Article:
(AP) King County prosecutors filed felony charges Thursday against seven people in what a top official described as the worst case of voter-registration fraud in state history, while the organization they worked for agreed to keep a better eye on its employees and pay $25,000 to defray costs of the investigation.
The seven submitted about 1,800 registration cards last fall on behalf of the liberal Association of Community Organizations for Reform Now, or ACORN, which had hired them at $8 an hour to sign people up to vote, according to charging documents filed in Superior Court.
The video buys into the whitewash that only low-level employees were involved. The national track record of ACORN would indicate otherwise.
Other than the AP article excerpted, there has been almost no national coverage of this story. A New York Times search on "Washington ACORN" shows nothing recent. The same keyword search at the Washington Post? Only the AP story, with no indication that it made the Post's print edition. This Google News search on the same keywords shows that the AP story received relatively little play, especially outside of Washington State.
Wait a minute ..... wasn't the Evergreen State the site of a hotly contested gubernatorial election with serious allegations of vote fraud in 2004?
Indeed it was, and ACORN was, "oddly enough," possibly involved. Brad Shannon of the Olympian, whose story is carried here in the Seattle Times, appears to be the only person even trying to connect some dots:
The BIAW (the Building Industry Association of Washington) has criticized the work of elections officials in King County, where most of the questioned voting took place in the 2004 gubernatorial race. Democratic Gov. Chris Gregoire eventually edged out Republican Dino Rossi by 133 votes after two recounts and Rossi's court challenge, which detailed allegations of vote fraud and improper voting by felons.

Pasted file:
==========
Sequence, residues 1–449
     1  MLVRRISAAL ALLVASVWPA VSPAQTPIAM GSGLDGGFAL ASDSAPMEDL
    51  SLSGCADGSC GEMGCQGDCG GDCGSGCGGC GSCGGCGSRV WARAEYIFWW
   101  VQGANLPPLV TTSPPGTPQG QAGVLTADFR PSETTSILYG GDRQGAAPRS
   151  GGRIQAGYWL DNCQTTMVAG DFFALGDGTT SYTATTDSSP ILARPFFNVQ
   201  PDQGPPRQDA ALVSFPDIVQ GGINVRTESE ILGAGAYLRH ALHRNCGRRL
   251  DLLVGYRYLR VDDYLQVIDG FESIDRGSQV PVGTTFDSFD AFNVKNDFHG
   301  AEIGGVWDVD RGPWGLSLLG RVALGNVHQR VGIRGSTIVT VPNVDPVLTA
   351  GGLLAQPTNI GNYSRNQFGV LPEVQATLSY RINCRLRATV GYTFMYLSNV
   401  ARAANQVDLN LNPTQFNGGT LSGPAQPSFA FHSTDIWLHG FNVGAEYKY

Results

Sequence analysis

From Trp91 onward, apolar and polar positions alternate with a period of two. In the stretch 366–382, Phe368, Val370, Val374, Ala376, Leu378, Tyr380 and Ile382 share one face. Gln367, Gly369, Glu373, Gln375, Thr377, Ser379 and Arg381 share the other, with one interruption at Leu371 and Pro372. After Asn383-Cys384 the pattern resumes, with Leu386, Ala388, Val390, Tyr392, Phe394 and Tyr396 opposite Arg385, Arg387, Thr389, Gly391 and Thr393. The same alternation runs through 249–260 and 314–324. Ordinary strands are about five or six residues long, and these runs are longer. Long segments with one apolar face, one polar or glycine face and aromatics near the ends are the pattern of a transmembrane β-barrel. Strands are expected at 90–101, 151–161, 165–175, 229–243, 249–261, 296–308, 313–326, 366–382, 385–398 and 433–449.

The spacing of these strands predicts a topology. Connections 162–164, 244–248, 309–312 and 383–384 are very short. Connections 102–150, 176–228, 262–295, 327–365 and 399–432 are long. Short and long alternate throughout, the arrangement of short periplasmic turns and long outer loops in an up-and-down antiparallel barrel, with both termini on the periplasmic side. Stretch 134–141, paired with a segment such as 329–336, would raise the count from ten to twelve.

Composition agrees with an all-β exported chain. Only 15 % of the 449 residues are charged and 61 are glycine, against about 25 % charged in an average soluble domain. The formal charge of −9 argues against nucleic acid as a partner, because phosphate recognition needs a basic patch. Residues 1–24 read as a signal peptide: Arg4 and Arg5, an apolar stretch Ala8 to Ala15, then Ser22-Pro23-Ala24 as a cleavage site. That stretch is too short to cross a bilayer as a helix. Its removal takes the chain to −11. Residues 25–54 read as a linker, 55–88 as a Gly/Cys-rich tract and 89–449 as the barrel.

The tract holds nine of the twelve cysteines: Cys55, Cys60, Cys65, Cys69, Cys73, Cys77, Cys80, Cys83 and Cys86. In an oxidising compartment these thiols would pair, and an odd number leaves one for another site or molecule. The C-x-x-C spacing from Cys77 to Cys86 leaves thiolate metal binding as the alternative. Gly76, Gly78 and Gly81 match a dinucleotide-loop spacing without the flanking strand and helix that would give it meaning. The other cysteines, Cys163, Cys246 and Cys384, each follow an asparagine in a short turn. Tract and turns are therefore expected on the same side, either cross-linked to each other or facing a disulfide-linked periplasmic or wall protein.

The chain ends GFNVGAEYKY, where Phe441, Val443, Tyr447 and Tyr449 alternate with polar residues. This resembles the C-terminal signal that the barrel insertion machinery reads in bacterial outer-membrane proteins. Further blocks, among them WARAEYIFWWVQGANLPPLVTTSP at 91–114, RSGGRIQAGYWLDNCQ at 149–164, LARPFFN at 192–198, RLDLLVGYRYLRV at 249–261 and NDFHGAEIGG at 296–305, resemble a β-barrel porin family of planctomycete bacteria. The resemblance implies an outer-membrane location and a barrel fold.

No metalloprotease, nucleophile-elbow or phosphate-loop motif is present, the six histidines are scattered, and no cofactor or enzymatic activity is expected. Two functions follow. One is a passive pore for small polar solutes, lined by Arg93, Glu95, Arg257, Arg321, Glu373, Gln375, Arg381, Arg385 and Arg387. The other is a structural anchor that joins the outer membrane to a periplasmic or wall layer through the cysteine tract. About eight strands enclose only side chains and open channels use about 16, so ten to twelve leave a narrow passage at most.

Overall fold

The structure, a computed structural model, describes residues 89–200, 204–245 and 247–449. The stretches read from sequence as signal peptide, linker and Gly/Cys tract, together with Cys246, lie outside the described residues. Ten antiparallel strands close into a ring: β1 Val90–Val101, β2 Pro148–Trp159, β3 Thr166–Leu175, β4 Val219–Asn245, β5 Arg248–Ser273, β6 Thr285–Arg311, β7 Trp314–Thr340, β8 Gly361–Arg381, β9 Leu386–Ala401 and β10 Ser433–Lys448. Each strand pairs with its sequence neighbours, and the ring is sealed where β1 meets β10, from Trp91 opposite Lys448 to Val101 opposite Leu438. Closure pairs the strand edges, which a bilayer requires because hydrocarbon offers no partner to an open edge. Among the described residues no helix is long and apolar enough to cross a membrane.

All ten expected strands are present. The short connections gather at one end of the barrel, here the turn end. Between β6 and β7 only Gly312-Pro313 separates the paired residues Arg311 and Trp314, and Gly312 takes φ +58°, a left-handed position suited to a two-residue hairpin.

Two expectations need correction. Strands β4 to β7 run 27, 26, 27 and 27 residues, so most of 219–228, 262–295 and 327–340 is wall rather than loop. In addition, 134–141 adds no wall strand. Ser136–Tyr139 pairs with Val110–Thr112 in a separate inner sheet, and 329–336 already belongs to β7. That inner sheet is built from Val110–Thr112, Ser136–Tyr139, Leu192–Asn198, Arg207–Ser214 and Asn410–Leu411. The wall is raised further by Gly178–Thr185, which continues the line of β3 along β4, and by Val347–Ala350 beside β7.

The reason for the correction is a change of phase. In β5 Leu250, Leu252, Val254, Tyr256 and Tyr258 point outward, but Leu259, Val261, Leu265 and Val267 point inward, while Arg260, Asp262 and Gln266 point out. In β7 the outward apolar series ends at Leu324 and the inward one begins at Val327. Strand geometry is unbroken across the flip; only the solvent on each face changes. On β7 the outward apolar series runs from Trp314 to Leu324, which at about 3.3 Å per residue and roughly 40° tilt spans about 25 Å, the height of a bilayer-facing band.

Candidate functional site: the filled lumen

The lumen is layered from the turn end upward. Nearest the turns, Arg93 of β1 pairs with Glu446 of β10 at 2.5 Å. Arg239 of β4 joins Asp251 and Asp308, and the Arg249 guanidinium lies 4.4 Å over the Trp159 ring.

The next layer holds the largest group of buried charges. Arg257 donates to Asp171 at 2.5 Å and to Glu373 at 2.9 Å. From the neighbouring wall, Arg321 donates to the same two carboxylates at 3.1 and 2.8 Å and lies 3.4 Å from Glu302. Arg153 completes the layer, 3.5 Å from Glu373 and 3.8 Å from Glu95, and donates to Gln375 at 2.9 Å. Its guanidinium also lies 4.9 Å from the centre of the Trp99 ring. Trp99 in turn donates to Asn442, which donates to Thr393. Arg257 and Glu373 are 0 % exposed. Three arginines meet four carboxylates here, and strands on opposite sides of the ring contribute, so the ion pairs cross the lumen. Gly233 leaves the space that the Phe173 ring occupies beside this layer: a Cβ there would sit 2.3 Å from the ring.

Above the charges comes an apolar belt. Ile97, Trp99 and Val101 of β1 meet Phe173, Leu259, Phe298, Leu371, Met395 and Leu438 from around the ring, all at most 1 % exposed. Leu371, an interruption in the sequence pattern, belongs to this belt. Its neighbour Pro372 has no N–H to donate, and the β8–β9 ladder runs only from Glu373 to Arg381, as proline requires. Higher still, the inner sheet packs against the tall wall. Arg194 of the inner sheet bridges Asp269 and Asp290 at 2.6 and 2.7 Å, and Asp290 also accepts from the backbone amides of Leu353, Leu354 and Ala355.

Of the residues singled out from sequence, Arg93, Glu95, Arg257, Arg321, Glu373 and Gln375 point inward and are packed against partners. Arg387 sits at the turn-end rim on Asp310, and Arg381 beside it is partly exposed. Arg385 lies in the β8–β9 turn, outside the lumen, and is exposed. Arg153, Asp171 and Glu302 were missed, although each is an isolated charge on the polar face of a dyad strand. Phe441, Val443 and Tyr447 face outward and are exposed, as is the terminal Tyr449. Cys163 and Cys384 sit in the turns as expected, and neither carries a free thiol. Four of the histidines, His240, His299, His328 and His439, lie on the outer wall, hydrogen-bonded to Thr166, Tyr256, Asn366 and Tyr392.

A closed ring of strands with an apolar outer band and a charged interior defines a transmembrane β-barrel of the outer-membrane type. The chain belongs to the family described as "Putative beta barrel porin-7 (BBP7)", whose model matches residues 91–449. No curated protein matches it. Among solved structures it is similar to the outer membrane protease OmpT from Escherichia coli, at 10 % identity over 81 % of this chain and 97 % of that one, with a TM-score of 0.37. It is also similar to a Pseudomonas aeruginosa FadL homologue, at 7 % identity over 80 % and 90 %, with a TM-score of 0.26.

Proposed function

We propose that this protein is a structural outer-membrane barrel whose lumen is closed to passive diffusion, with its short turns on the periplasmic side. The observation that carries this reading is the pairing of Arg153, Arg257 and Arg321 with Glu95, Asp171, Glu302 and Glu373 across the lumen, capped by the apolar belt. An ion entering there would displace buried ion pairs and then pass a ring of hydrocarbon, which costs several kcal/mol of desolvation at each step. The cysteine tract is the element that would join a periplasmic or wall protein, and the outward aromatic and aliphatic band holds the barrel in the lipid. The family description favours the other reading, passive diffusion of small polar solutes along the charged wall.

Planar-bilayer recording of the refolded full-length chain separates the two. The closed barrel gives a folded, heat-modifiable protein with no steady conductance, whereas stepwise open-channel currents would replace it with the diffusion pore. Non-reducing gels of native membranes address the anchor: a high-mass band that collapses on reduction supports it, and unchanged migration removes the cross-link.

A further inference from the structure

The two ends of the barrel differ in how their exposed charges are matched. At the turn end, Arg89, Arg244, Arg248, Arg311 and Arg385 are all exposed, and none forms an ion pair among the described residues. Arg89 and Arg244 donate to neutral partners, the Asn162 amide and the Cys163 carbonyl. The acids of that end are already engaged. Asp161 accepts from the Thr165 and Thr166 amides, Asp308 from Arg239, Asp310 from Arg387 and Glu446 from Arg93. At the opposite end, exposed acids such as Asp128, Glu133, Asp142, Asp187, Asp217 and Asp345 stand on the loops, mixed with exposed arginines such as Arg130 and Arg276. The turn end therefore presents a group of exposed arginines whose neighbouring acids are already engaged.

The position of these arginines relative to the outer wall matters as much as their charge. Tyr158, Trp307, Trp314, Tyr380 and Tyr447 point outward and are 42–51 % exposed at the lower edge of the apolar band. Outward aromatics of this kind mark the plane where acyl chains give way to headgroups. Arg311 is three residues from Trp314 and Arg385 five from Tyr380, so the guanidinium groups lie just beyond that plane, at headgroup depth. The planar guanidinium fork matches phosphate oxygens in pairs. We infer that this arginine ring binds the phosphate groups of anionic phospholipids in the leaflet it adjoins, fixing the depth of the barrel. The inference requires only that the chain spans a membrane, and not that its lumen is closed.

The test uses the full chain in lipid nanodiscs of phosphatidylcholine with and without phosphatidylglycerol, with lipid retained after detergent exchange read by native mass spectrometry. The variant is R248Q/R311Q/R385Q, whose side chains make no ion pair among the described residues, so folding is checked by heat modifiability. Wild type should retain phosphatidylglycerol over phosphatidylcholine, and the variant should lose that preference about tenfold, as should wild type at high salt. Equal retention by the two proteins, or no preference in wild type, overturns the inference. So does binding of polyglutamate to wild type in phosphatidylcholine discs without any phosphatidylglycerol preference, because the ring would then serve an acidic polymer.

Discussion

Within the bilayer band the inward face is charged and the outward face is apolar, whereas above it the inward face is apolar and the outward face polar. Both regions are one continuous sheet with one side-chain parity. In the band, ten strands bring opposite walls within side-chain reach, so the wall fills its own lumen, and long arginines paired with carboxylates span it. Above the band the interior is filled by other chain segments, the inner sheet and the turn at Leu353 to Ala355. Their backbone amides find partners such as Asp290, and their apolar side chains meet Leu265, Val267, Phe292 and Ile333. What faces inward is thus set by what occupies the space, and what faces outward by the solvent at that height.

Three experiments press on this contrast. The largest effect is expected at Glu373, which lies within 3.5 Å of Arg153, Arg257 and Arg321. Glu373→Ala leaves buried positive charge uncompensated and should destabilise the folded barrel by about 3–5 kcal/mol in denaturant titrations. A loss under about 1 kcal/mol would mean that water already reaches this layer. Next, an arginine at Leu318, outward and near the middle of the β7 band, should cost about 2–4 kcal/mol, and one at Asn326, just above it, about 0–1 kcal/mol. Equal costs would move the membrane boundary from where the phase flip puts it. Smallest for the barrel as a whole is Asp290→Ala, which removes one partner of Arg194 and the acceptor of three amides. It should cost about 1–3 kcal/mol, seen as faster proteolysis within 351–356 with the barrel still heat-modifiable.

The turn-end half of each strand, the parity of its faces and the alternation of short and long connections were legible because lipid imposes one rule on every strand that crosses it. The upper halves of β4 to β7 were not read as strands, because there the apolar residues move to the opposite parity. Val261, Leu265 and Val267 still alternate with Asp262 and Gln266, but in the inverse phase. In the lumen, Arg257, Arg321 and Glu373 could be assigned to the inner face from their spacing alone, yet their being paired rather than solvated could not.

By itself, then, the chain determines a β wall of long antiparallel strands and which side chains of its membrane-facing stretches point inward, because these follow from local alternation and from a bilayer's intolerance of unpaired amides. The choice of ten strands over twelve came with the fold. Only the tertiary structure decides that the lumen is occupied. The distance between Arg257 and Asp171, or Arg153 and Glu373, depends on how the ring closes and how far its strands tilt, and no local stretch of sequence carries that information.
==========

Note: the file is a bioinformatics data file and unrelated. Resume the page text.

..... BIAW also is in court to seek documents from Pierce County related to the county's elections office and ACORN registrations. Pierce elections officials and prosecutors did not return phone calls Friday.
McCabe said 300 registrations in the Pierce County case are from "the exact same address. It turns out to be a homeless shelter." Residents are allowed to stay at the shelter for 30 days, and only one person voted from that address in 2004, which makes it unlikely so many would have registered there, McCabe said.
So did the other 299 phantoms simply not vote, or did a number of the 300 potential "voters" have their cards changed to new addresses, vote, and not get caught? That would appear to be a pretty important question, and may only scratch the surface of what extra-legal acts could have transpired to give Gregoire her victory margin.
Apparently, the private BIAW, doing work no prosecutor or, with rare exception, any media outlet is interested in, is the only entity that cares about these things.
That contrasts quite sharply with Old Media treatment of the objectively less controversial (on the facts, not the Florida Supreme Court's abuse of its powers) 2000 presidential vote in Florida.
Cross-posted at BizzyBlog.com.